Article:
There has been a lot of chatter about the potential benefits of a Windows Phone 7 and Nokia merger, a scenario where the Finnish hardware-software maker would abandon its platforms and side with Microsoft, which would grant the company exclusive access to Windows Phone 7. Financial folk seem to love the idea; Nokia’s stock even started to rise on rumors that the company was actually investigating WP7. To those who think this is a good idea, I ask just one question: What the hell are you thinking? Merging Windows Phone 7 and Nokia would be like tying two drowning people together and hoping that together they can swim.
An open letter
This rumor began when Adnaan Ahmad of Berenberg Bank in Hamburg published an open letter to Nokia CEO Stephen Elop (a former MS employee) and Microsoft CEO Steve Ballmer, encouraging them to join forces and make Windows Phone 7 the exclusive platform of Nokia devices.
Here is a snippet of the brunt letter.
“Steve, you are probably thinking, ’What do we gain on the back of this?” Well, two million units shipped in the last quarter is not really much to write home about, given $500m in marketing programmes (ouch), but with Nokia on-side, you get access to a potential 20-25% global share over time – and EXCLUSIVITY. Right now, do you really think HTC, Samsung and LGE are pushing your products ahead of Google’s? You need to tie yourself to a high-volume player to be relevant, which I know goes against your DNA. But do not forget that your MS-DOS software was originally only for IBM and then claimed a near-monopoly in the market. And, Steve, if you are successful, we will all forget your quotes from 2007. Do you remember this one: ’Apple is a cute, little, tiny niche guy?’ Or this one: ’No chance Apple iPhone is going to get any significant market share?’ (Ouch x2.) More importantly, your shareholders are going to be impressed that you have not gone after an expensive acquisition strategy in what is really (let’s face it) a consumer electronics industry.”
Ahmad reasons that Nokia is spending too much on research and development (R&D) working on its own custom operating systems, and would benefit from the high-end smartphone market and U.S. access that Microsoft could help it attain. Microsoft, in return, gets eventual access to the large phone market share that Nokia currently holds around the rest of the world, and a partner that will focus on Windows Phone 7 exclusively. His reasons sound decent when written in a cheeky open letter, but they don’t hold up to reality. Neither Microsoft nor Nokia would benefit from a merging or exclusive arrangement.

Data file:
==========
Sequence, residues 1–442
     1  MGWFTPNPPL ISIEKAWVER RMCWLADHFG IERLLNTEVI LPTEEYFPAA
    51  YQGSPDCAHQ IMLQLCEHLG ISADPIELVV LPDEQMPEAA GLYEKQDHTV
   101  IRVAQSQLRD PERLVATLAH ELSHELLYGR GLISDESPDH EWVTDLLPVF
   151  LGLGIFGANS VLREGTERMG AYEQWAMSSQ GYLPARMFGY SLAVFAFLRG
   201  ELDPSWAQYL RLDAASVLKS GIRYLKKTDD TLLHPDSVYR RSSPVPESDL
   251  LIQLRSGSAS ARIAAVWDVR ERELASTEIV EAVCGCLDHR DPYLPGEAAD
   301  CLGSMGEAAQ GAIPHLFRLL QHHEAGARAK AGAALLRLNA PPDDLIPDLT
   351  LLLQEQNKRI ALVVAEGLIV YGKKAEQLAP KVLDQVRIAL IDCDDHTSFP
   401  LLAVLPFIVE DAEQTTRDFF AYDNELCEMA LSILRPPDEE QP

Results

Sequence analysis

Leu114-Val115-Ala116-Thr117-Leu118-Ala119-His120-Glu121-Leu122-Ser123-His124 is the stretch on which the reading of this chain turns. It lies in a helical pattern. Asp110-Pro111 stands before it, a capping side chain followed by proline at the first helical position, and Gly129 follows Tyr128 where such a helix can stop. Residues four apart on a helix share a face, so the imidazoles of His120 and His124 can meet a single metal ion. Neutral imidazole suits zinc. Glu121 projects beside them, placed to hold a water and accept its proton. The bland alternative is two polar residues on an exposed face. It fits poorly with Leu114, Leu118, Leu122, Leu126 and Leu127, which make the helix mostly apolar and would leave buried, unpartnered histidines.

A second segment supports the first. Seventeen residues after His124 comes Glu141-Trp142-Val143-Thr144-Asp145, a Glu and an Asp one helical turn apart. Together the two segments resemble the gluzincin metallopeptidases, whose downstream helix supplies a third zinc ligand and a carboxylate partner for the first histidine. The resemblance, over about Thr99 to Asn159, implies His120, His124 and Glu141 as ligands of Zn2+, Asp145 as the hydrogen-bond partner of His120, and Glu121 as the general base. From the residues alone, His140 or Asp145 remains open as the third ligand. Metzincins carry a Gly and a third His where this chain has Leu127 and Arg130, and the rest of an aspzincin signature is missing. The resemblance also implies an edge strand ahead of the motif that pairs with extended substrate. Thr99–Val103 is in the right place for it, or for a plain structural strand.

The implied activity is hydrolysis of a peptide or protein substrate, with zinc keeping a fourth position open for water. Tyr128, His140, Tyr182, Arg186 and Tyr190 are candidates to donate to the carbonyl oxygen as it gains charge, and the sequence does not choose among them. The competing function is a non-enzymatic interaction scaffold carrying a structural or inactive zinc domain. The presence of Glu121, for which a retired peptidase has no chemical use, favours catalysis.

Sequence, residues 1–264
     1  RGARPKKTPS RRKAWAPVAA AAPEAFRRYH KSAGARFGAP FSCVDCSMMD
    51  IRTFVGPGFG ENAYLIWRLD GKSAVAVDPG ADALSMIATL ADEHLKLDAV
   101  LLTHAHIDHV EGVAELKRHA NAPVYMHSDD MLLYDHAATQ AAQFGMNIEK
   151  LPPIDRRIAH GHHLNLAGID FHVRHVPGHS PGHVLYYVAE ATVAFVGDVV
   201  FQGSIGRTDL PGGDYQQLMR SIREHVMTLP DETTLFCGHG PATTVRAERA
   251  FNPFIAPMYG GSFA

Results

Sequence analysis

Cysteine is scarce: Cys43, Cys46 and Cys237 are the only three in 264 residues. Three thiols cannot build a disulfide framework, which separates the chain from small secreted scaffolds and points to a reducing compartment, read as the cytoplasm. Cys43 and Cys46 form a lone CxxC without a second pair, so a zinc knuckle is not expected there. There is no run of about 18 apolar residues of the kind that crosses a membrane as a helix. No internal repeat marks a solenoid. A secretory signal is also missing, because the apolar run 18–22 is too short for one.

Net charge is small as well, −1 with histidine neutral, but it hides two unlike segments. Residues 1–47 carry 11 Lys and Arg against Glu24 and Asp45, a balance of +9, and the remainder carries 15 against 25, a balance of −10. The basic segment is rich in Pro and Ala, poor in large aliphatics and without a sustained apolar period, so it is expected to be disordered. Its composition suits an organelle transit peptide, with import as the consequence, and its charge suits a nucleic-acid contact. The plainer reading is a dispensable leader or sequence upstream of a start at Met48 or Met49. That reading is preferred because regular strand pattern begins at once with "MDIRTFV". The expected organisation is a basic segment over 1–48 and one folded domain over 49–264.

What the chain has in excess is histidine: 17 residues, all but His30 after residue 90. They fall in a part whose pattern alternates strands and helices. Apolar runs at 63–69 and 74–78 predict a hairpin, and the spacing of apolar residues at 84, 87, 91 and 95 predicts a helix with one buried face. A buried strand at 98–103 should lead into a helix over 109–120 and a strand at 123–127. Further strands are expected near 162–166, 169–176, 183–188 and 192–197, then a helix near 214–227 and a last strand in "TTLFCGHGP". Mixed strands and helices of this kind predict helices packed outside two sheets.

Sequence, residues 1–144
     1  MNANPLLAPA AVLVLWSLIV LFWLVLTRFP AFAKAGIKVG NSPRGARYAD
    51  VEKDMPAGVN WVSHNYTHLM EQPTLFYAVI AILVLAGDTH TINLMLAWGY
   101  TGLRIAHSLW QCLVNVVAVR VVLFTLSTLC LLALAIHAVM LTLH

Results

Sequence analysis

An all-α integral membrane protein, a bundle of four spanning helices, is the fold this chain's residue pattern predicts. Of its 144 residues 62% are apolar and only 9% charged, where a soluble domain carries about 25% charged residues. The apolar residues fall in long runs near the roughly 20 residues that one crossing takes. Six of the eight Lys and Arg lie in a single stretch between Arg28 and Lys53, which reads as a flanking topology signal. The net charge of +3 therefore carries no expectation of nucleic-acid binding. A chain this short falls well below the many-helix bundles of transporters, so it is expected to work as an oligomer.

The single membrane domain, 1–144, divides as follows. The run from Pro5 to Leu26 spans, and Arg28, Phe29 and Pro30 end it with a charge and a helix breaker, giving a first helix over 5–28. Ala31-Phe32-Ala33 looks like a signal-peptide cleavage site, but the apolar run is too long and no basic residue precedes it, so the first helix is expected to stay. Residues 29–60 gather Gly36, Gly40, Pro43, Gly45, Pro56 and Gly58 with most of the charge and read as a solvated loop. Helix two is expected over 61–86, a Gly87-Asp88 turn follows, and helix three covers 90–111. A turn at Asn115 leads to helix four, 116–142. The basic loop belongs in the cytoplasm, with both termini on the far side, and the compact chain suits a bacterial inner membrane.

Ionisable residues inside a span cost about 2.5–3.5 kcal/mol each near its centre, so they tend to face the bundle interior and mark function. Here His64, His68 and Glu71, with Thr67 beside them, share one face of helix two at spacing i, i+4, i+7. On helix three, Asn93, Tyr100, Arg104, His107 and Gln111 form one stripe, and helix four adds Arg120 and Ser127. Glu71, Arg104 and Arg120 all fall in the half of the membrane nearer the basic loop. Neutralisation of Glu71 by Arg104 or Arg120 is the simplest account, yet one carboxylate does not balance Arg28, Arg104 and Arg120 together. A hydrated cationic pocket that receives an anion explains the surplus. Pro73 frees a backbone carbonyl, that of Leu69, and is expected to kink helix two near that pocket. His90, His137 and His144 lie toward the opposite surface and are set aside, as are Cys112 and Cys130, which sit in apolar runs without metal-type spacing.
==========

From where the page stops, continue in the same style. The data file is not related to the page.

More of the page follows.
A struggling manufacturer, a struggling OS
Yes, Nokia and Windows Phone 7 are both in trouble. While Nokia continues to do well around the world in the low-end feature-phone market, it has next to no presence in the United States, which has moved to more flexible, snappier app-based operating systems like Apple’s iOS and Google Android. Older smartphone OS’s like Nokia’s Symbian, RIM’s BlackBerry, and Microsoft’s Windows Mobile are being squeezed out of the market by these newer, shinier touch-based operating systems. Nokia has tried to adapt with devices like the N8, but hasn’t been able to find a U.S. wireless operator willing to subsidize its high-end phones for several years. As a result, most of its devices are only able to be ordered online, and are too expensive ($500+) to gain much traction.
Microsoft had a similar problem with Windows Mobile, but has been a lot more proactive in finding a solution. The company rewrote its mobile software from the ground up, basing much of it on the interface concepts developed on its underrated Zune brand of MP3 players. The fruit of its efforts, Windows Phone 7, hit the market on nine devices in early November to a reasonable amount of critical acceptance. The phone’s interface is a personal favorite of mine, and shows that Microsoft can develop a forward-thinking platform. Unfortunately, the OS has had a rocky start due to the mammoth popularity of Android devices and the iPhone 4. Through the holidays, Microsoft only sold about 2 million WP7 devices to retail partners — less than the software maker had hoped. With no new WP7 devices shown since launch, many have begun to fear for the OS’s future in the market. Certainly, 2011 will be an important year for Windows Phone 7 to show its strength. It should not, however, be the year Microsoft abandons the open licensing platform that made Windows (and Android) successful in the first place.